Anthropology of an Idea: Fair Trade
Over the last 130 years, the term “fair trade” has been adopted by everyone from robber barons to yuppies. As a euphemism for protectionism in the 1880s, the term first came into use among Britain’s mercantile lords and America’s manufacturing titans, who were anxiously looking to guard their industries from the threat of a globalizing ...
Over the last 130 years, the term “fair trade” has been adopted by everyone from robber barons to yuppies. As a euphemism for protectionism in the 1880s, the term first came into use among Britain’s mercantile lords and America’s manufacturing titans, who were anxiously looking to guard their industries from the threat of a globalizing world. By the 1960s, the phrase took on new meaning when global consumer activism was born. Today, fair trade is a branded lifestyle, a set of products sold at Whole Foods and Starbucks that promise moral virtue along with that chocolate bar.
1868: Dutch writer Eduard Douwes Dekker’s novel, Max Havelaar, is one of the first to depict trade as rife with injustices. Protagonist Max Havelaar, a bleeding-heart colonial administrator in Java, later becomes the namesake of one of the first certified “fair trade” coffees sold in Europe.
April 30, 1886: A “‘fair trade’ cry” rises up in England, the New York Times proclaims. The “fair trade” movement, a push to boost tariffs and limit free trade, gains momentum in Britain amid fears that its empire is declining and the country’s products, markets, and colonies must be protected.
August 2, 1897: America’s Dingley tariff, a dramatic import-duty increase named for Maine Rep. Nelson Dingley Jr. that raised tariffs to the highest level since the Civil War, is touted in the Chicago Tribune as an example of “fair trade.” The term has gained traction as a stand-in for “protectionism.”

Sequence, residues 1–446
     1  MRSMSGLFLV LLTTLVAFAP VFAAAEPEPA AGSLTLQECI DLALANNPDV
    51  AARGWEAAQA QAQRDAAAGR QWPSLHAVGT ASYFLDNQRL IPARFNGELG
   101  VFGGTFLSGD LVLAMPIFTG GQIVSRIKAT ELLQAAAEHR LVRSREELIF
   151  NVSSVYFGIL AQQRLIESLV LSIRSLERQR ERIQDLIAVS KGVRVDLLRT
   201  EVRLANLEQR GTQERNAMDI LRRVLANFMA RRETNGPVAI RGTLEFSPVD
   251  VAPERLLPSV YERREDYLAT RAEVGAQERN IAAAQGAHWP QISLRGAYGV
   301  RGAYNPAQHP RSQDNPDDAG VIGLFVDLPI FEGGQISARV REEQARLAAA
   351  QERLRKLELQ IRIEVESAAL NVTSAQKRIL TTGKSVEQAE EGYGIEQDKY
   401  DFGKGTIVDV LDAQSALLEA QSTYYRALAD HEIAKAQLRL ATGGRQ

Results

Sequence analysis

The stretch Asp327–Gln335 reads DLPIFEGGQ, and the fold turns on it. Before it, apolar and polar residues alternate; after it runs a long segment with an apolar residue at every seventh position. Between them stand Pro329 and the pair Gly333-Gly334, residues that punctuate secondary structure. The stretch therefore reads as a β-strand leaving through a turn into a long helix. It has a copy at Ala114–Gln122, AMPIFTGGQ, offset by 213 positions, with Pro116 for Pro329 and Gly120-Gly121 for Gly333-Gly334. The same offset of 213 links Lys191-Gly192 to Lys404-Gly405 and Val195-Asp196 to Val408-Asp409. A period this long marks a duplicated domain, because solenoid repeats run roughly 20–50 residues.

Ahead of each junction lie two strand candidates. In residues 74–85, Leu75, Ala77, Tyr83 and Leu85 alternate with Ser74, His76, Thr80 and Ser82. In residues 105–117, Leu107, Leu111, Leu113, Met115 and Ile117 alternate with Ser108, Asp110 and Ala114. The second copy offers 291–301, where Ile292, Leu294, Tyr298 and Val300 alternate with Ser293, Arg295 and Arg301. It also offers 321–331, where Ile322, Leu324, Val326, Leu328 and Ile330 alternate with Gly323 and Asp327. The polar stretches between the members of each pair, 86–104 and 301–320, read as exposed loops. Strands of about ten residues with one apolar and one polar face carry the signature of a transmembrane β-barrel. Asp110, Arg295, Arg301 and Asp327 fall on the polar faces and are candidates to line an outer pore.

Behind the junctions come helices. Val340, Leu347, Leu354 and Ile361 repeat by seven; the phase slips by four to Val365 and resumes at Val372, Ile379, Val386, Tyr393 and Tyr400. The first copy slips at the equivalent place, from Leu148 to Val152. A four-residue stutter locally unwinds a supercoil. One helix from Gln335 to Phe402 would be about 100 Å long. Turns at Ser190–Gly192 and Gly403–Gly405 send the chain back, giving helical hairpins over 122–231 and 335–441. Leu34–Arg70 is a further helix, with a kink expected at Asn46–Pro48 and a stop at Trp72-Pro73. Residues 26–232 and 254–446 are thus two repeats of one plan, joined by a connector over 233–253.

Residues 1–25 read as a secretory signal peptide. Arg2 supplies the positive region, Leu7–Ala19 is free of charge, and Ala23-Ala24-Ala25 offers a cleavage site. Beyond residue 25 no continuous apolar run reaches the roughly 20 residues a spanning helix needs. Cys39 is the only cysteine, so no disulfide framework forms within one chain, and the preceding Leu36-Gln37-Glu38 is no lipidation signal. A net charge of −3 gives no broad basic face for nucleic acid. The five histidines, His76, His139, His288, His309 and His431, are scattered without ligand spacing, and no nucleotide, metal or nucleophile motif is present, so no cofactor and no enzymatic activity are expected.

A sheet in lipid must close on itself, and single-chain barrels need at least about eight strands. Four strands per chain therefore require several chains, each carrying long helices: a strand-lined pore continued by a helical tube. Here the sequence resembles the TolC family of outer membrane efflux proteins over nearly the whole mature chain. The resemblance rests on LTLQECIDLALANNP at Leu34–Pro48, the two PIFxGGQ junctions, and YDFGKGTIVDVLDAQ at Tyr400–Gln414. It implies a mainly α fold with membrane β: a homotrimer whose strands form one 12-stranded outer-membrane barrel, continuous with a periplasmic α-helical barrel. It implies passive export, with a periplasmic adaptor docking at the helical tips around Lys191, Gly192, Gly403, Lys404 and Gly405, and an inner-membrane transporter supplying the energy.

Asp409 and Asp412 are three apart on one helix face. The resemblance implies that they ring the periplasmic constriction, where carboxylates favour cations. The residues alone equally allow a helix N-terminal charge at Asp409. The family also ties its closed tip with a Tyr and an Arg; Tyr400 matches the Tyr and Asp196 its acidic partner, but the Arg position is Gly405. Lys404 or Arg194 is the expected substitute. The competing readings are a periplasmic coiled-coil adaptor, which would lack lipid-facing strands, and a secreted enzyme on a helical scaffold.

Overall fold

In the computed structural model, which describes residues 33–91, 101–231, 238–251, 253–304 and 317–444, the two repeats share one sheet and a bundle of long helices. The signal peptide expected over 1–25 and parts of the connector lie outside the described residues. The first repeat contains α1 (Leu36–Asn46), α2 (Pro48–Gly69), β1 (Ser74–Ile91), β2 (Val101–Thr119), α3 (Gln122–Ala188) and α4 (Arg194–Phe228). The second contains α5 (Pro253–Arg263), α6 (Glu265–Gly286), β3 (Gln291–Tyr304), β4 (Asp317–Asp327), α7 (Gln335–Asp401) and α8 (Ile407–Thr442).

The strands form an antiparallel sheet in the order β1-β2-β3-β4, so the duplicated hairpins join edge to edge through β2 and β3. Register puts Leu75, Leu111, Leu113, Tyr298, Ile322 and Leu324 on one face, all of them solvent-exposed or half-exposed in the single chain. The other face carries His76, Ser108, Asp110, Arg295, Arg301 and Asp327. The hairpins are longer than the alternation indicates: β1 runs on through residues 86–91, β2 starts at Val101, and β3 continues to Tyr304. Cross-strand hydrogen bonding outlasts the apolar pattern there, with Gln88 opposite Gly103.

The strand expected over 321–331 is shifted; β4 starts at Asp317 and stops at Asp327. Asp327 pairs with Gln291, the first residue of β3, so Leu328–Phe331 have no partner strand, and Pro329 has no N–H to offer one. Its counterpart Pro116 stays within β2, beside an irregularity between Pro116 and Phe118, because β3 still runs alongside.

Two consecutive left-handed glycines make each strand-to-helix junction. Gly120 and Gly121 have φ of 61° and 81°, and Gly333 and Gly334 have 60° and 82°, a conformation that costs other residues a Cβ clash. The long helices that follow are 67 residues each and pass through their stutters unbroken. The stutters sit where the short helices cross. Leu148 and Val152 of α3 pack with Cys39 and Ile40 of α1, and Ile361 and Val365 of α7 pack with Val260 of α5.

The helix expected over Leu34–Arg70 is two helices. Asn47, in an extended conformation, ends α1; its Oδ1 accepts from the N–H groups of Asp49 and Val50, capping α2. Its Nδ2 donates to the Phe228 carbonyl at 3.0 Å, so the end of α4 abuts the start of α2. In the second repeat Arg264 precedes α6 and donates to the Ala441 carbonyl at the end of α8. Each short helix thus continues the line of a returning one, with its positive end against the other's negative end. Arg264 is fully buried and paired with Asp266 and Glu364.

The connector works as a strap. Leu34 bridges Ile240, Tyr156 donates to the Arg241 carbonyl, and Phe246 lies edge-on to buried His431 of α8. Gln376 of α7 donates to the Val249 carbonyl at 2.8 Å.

August 19, 1933: U.S. President Franklin D. Roosevelt approves “codes” for the oil, steel, and lumber industries that include provisions, later described in the New York Times, for “wages, hours of work, [and] fair trade practices.”
1946: After visiting Puerto Rico and being struck by poverty among artisans there, Edna Ruth Byler begins to sell the handicrafts back in her Pennsylvania hometown, a model that would later grow into the “fair trade” movement. Her operation is adopted by the Mennonite Central Committee in 1962 and becomes the national retail chain Ten Thousand Villages in 1989.
1950s: The NGO Oxfam begins selling products made by Chinese refugees in the British market. The program’s founder later describes it as “a forerunner of what is now called ‘fair-trade.'”
1972: U.S. Treasury Secretary John B. Connally calls a U.S.-Europe trade pact dealing with the developing world “a step forward in the effort to assure fair trade practices,” thus placing “fair trade” firmly in the context of development.
November 1988: When coffee prices fall dramatically, the Fairtrade Certification Initiative is born, meant to offer a “fair” price to farmers hurt by the volatility of the market.
1992: The first “fair trade” coffee is sold in Britain under the label Cafédirect, a partnership formed by NGOs Oxfam, Traidcraft, Equal Exchange, and Twin Trading.
December 22, 1998: TransFair begins certifying “fair trade” coffee, tea, and cocoa in the United States as global sales boom. In the following six years, TransFair claims to have certified “74 million pounds of Fair Trade coffee” to the tune of “$60 million of additional income for farmers.”
December 2005: Celebrities from Mexico, China, Senegal, and other developing countries present the head of the World Trade Organization with a petition begging him to “Make Trade Fair” Elton John and Bono soon become a few of the many global stars to promote the fair trade movement.
2008: As a U.S. presidential candidate, Barack Obama pledges to fight for “trade that is free and fair for all,” criticizing existing trade agreements such as NAFTA and vowing to pressure countries like China to desist from unfair trade practices.
February 2009: Fair trade sales grow despite the global economic downturn. Twenty-five percent of surveyed British shoppers bought fair trade goods — three times the percentage who reported doing so in 2006.